Friday, April 25, 2014

Forgotten Books: DANGER ZONE by Raoul Whitfield (1931)

After reading Raoul Whitfield's Danger Circus (discussed HERE) I expected Danger Zone to be the same sort of book - semi-juvenile with plenty of action and mystery, but not much plot.

Well. I was right about plot (in fact, this book has so little it's barely worth the name), but wrong on the other counts. While the writing is less sophisticated than that of Whitfield's five mystery novels, there's nothing here - aside from the book's design and illustrations - to indicate it was aimed at a juvenile audience.

In fact, Danger Zone doesn't read like a novel at all, but like the memoir of a young pilot heading off to war. Though I don't know enough about Whitfield's life to say for sure, I suspect this to be a semi-autobiographical account of his own journey to France during WWI. I'll be curious to see what Whitfield authority Boris Dralyuk has to say on the matter.

The story begins with a brief scene in Texas, where our narrator, Cadet Ben Shirley, is making a qualifying flight to get his lieutenant's commission and earn his silver wings. Then it's on to New York, where Ben (now a lieutenant) and two fellow pilots are on board a ship preparing to cross the Atlantic. After many realistic slices of life on board, consuming at least fifty pages of the book, the ship finally leaves harbor and joins a convoy bound for France. There follow many more slices of life involving their duties on board and what they perceive as minor persecutions by small-minded majors. There''s also a lot of talk about  what might happen when they enter the "danger zone," where they're likely to encounter enemy submarines.

Well, they do finally encounter a sub, and one of an untold number of ships in the convoy is sunk, but the scene is quickly over. Ben and his pals are never in any danger, and are mere observers to the action. Nothing else happens (except more life slices) until the final chapter, when Ben takes the air for the first time in France, and then the book ends.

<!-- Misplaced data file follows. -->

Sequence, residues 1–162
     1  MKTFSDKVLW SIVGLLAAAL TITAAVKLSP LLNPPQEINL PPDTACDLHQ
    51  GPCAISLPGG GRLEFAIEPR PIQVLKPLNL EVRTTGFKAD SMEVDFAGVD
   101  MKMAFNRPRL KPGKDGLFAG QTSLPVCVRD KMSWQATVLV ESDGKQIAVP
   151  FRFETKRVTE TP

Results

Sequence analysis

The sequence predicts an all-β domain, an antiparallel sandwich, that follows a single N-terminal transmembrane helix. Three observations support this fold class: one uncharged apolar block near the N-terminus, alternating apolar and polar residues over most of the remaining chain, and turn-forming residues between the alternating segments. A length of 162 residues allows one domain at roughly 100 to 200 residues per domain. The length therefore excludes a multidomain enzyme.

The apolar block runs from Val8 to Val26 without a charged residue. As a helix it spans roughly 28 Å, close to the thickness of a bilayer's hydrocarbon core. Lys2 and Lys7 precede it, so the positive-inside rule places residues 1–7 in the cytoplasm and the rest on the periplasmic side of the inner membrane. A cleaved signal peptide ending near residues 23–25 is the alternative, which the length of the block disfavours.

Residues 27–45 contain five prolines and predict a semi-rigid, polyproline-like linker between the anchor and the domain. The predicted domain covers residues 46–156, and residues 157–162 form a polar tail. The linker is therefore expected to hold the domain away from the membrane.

Adding to the memoir feel are numerous footnotes defining military slang and telling us what happens to certain characters during the war or later in their careers.

All in all, this is an interesting book and a good read, it just isn't much of a novel, and the title is false advertising.

I've now read all four of Whitfield's juvenile books and am surprised to report they have almost nothing in common. Silver Wings (HERE) is a collection of sometimes-related moralistic short stories. Danger Circus (HERE) is a mere novelette about melodramatic doings at a circus. Wings of Gold (review coming soon) is a full-length, but simple-minded novel of mystery-adventure set in the New West, and Danger Zone is only marginally fiction. I knew Raoul Whitfield was a versatile writer, but I didn't expect this much versatility in his kids' books.


Richard said...

Interesting. I sort of like the period illustrations, but it doesn't sound like a book I'll read.

Richard said...

By the way, what did you think of Ron Sheer's review of Red Harvest for FFB today?

Oscar said...

The sketches are striking with their added color in spots.

Evan Lewis said...

Ron did a great job on Harvest. Right on, as we hippies used to say.